8/18/2008 11:04 AM
LAKE SUCCESS, N.Y., August 18, 2008 –
A small spring-fed creek near Ennis, Mont., is having a big impact in wildlife habitat recovery. A new HD documentary about the O’Dell Creek Headwaters Restoration Project is set to show the world how a wetland drained for over 50 years can make a remarkable comeback. The combination of a 40:1 zoom range (for a portable EFP lens), Canon Optical Shift Image Stabilizer (“Shift-IS”) technology, and superb HD imagery from the Canon HJ40x10B telephoto EFP lens empowered veteran filmmaker Dickson Sorensen to capture the story of an extraordinary group of people working to help restore one of nature’s creations.
“The Canon HJ40 opened up a window into a whole new world,” explained Sorensen. “This lens allowed me to get shots that would have been impossible otherwise. The O’Dell Creek story is about wildlife, but only a lens with this level of HDTV image clarity, zoom range and image stabilization could allow us to fully capture what can be some highly elusive subjects, especially the eagles and other bird species.”
An award-winning feature film and commercial cinematographer with worldwide shooting experience, Sorensen, and co-producer Jeff Laszlo, documented the stream’s restoration in rural Montana for more than two years, capturing 720/30p HD footage with their Canon HJ40x10B EFP lens. “I started recording what was going on when I realized that this was a much bigger and more complicated project than I had originally envisioned,” Sorensen said. “There’s a lot of wildlife out there, but you just can’t get close enough to photograph it. We were lucky to have the Canon HJ40. Without its telephoto capabilities and image stabilization, we never would have been able to record what we did.”
What the pair recorded were remarkable close-ups of many bird species in their natural habitats, including Bald eagles, Great Blue herons, Sand Hill cranes, and the elusive sora, which frequents freshwater marshes. Sorensen and Laszlo also captured dramatic footage of elk, Whitetail deer, antelope, muskrats, and many more species, using the Canon HJ40x10B telephoto HD lens, which is capable of extending to 770mm with a 2X extender. The HJ40x10B is part of Canon’s HD EFP lens family that brings extreme shooting flexibility to field production. The lens also features Canon’s built-in Shift-IS system to achieve rock-solid images at extreme telephoto distances.
“There were two important aspects of this lens for shooting O’Dell Creek,” noted Sorensen. “Number one is that it’s a very long lens, capable of zooming in very tight. Number two is the built-in stabilizer. Without a stabilizer, in order to get a decent image on a long lens you need a heavy tripod, a good camera head, and an extremely stable platform. But with Canon’s built-in stabilizer, I was able to get on top of my truck – which shakes in the wind – zoom all the way in, and – like magic – the shimmering stopped and I got rock-solid images. This makes it ideal for recording wildlife, where you’re in remote areas and you need to travel light. The HJ40 is light enough to be easily carried around in the field. In addition, the ‘bracketry’ is solid and well-designed, including a sliding balance plate; this made changing lenses in the field an easy task to accomplish.”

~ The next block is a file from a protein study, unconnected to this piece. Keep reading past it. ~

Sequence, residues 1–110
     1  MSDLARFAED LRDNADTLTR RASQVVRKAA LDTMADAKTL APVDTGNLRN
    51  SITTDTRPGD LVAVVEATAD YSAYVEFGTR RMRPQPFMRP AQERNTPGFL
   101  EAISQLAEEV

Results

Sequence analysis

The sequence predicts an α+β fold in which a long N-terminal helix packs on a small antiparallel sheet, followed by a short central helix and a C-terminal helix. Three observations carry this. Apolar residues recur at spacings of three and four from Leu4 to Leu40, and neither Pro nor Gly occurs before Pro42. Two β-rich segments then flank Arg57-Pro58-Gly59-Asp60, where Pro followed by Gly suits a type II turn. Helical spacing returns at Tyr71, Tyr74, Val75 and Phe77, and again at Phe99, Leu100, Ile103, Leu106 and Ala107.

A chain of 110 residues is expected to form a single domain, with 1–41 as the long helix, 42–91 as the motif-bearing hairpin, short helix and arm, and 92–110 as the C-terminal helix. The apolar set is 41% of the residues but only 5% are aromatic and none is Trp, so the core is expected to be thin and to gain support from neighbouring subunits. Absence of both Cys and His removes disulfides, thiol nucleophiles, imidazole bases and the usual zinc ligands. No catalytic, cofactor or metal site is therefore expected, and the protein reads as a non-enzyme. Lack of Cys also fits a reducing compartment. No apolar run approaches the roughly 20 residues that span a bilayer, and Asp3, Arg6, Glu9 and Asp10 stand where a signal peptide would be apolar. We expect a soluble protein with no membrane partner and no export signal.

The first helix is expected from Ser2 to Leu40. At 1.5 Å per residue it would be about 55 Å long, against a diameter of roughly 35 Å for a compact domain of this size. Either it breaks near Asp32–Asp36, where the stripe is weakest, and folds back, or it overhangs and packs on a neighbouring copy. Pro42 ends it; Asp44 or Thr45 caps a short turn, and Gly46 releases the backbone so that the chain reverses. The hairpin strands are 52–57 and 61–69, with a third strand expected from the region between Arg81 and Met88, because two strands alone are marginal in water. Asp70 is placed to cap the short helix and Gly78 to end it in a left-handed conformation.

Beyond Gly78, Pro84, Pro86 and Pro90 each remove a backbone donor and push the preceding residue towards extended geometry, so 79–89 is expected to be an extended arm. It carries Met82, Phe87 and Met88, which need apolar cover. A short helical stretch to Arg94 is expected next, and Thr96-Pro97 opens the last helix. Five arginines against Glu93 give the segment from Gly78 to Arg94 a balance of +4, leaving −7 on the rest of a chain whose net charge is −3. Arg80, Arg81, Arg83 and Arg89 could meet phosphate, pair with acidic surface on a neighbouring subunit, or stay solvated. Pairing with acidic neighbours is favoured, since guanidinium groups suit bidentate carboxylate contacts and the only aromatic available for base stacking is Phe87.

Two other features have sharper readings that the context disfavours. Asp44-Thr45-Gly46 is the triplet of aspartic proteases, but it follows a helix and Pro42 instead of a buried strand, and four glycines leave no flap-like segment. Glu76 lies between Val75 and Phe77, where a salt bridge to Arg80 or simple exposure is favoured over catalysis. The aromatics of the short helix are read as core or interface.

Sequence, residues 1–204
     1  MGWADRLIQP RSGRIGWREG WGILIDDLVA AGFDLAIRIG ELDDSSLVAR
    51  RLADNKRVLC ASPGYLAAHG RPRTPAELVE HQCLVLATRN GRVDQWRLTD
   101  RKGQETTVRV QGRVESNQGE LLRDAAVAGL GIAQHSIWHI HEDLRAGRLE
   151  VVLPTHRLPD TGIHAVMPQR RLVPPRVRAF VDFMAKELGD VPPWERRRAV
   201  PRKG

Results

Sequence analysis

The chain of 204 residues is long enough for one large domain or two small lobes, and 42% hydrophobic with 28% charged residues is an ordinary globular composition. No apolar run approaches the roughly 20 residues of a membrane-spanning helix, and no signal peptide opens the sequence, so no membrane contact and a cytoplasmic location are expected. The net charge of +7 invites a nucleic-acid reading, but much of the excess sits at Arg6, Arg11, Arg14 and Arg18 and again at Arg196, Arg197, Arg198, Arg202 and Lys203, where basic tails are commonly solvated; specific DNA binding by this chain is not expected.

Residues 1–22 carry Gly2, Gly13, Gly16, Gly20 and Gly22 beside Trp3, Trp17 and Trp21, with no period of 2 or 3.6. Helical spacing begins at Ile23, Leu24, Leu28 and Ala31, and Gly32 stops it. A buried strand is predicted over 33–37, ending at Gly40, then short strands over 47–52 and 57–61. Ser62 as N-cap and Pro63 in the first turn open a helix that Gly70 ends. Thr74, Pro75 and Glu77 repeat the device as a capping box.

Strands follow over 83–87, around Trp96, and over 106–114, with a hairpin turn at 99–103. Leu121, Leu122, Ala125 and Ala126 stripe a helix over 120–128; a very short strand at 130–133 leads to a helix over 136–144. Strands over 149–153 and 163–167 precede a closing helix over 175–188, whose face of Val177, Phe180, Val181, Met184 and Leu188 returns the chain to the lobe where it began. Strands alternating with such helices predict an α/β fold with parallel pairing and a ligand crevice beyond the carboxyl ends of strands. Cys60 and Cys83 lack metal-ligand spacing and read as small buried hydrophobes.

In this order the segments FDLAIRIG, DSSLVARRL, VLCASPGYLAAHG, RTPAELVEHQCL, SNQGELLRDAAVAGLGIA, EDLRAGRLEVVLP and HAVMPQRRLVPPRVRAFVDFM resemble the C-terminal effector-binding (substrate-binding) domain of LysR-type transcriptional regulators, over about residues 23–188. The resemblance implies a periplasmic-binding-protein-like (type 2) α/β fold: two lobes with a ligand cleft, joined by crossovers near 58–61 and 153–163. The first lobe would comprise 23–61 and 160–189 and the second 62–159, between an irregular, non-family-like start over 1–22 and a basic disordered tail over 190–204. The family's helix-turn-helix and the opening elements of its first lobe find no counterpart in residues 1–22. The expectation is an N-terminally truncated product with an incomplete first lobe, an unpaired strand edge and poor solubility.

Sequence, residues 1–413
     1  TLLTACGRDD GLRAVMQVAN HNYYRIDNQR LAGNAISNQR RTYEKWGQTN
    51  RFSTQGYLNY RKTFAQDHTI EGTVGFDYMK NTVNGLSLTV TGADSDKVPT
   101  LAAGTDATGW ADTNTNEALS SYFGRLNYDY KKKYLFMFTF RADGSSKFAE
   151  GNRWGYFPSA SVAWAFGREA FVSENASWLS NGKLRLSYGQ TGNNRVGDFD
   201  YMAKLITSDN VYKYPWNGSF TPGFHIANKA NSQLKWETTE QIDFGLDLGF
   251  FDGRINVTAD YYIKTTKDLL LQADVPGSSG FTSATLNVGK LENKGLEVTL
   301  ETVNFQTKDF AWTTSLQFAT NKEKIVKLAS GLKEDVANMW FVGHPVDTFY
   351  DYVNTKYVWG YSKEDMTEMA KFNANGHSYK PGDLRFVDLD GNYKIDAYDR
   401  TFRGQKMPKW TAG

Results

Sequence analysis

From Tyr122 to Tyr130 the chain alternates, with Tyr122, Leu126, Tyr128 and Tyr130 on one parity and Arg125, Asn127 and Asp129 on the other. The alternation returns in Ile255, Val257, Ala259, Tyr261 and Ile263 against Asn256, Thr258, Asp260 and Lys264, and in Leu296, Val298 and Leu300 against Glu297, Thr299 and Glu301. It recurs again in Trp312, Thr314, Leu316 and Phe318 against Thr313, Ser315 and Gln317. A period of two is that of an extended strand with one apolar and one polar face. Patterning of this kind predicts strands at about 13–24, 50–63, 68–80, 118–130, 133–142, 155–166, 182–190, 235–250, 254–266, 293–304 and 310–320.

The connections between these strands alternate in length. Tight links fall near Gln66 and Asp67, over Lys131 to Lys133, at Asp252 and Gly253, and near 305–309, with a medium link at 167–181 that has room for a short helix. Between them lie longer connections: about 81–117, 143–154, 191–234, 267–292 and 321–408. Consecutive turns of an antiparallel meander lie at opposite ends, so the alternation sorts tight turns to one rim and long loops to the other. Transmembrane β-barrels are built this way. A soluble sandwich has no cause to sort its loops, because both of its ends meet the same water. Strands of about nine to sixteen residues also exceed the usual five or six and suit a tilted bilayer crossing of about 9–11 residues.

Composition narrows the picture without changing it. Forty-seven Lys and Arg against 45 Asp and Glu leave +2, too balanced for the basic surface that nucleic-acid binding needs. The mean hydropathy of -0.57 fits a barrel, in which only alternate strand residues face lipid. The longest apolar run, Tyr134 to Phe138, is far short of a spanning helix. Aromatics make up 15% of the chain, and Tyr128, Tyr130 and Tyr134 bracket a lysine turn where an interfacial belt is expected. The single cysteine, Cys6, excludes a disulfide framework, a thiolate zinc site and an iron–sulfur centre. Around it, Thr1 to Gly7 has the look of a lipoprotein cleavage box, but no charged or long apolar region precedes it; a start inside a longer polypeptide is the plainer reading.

Canon’s HJ40x10B telephoto EFP lens also features Canon’s Enhanced Digital Drive technology, which employs a microcomputer-driven servo control that enables users to pre-set zoom position memory and other user-defined settings that significantly empower the camera operator. Ergonomics are further enhanced by a compact digital servo drive unit, which is mounted to the lens at a 12.5 degree angle for operator comfort and balance.
“This is a fantastic zoom controller,” Sorensen stated. “All the buttons are exactly where your fingers have to be – it’s very well laid out. Canon really did think this through. All of the controls are very intuitive, and that’s really important when you’re outside, it’s freezing cold, and you’re trying to capture HD video of an animal that you’ve been waiting all day to see.”
In addition to the Canon HJ40x10B telephoto EFP lens, Sorensen also used a Canon HJ17ex7.6B IRSE portable HD ENG/EFP zoom lens. A wide-angle HD zoom weighing only 3.56 lbs. for maximum portability and versatility in EFP applications, the HJ17ex7.6B delivers a focal length ranging from 7.6mm to 130mm (15.2mm to 195mm with Extender) for high-end HD performance and excellent picture sharpness. The HJ17ex7.6B also features Canon’s eDrive for user-programmable iris, zoom, and focus control. Users can program lens-position memory for graceful “padded” zoom start/stops, memorized focus and zoom positions, repeatable focus (with no mechanical play or gear backlash), and steady and slow zoom creeps – all handy features for shooting in the wild. Functions are programmed via an easy-to-use LCD menu, assignable “soft” function buttons, and the rocker switch built into the lens grip. Users can program multiple settings or none at all, depending on their personal needs and preferences.
“It can be a battle to record wildlife in a harsh environment, but Canon gave me everything I needed to capture these shots,” Sorensen reflected. “I’m a big fan of these lenses.”
About Canon U.S.A., Inc.
Canon U.S.A., Inc. delivers consumer, business-to-business, and industrial imaging solutions. Its parent company, Canon Inc. (NYSE:CAJ), a top patent holder of technology, ranking third overall in the U.S. in 2007†, with global revenues of $39.3 billion, is listed as one of Fortune's Most Admired Companies in America and is on the 2007 BusinessWeek list of "Top 100 Brands." To keep apprised of the latest news from Canon U.S.A., sign up for the Company's RSS news feed by visiting www.usa.canon.com/pressroom.
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†IFI Patent Intelligence Press Release, January 2008